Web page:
Health & Body

Steal Ballet West Soloist Katie Critchlow's Workout

Critchlow in Balanchine's "Diamonds." Photo by Luke Isley, Courtesy Ballet West.

A fresh perspective: Last year, Katie Critchlow went through seven months of recovery for a debilitating ankle sprain, but the process transformed her outlook on cross-training: “You think that doing ballet class every day is enough, but it's not," she says. “Ballet dancers are hypermobile, and in order to execute everything onstage when you're tired and fatigued, you need a lot of strength to back that up."

Ready to run: About two months after her injury, Critchlow began jogging. “I had to start really, really slow on a treadmill." Her ankle sprain had affected her hip, too, causing her to veer in a diagonal until she balanced the alignment in her legs. Now she prefers to run outdoors around Salt Lake City. “It helps mobilize my joints, so I'll either go at the end of a light day or wait for the weekend."



Photo by Pete Saloutos, Courtesy Ballet West

Agility training: To retrain how she transfers weight from foot to foot, Critchlow's physical therapist led her through ladder work, often done by football and soccer players. The agility drills had her dashing through a lattice of boxes on the ground in hopscotch-like patterns. “You keep changing the exercise so the body is never used to the direction you're pushing off from," she says.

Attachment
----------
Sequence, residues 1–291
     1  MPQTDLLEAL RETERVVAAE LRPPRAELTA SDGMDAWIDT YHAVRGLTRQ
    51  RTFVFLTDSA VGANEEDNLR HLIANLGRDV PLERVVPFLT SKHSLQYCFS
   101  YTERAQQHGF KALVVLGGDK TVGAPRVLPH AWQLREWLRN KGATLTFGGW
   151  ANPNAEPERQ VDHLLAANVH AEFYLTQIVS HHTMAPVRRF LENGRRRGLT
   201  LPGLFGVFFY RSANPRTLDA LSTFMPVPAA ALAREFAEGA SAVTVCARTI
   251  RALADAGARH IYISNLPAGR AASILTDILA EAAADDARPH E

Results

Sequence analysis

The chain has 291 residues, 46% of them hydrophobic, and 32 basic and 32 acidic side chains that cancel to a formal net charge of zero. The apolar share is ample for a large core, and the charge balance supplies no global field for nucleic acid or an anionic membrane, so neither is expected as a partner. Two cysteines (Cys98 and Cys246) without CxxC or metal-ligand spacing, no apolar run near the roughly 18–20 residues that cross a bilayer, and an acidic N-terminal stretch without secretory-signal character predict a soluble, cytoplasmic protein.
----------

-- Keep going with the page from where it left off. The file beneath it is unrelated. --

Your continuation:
Catching waves: Originally from San Diego, Critchlow grew up surfing. “That also helped me over the hurdle because I had to balance on the board." She loves how the sport improves her core stability.


With Tom Mattingly in Val Caniparoli's The Lottery. Photo by Luke Isley, Courtesy Ballet West

The work is never done: Critchlow continues to see her PT, and she's currently focusing on controlling how she rolls down from pointe—an action that's aggravated by her plantar fasciitis. To improve this transition, she loads a leg press or calf-raise machine with as much weight as she can handle and does 10 reps of slow relevés, using two feet to go up and only one to come down.

Pre-show sweat session: Critchlow visits the gym three to four times a week, and often before she performs. “Ballet barre doesn't really get all those bigger muscles, like hamstrings and glutes, warm," she says. She'll spend 20 minutes at the gym, doing five minutes of cardio and reps on various weight machines to warm up her entire body.

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Courtesy BLOCH

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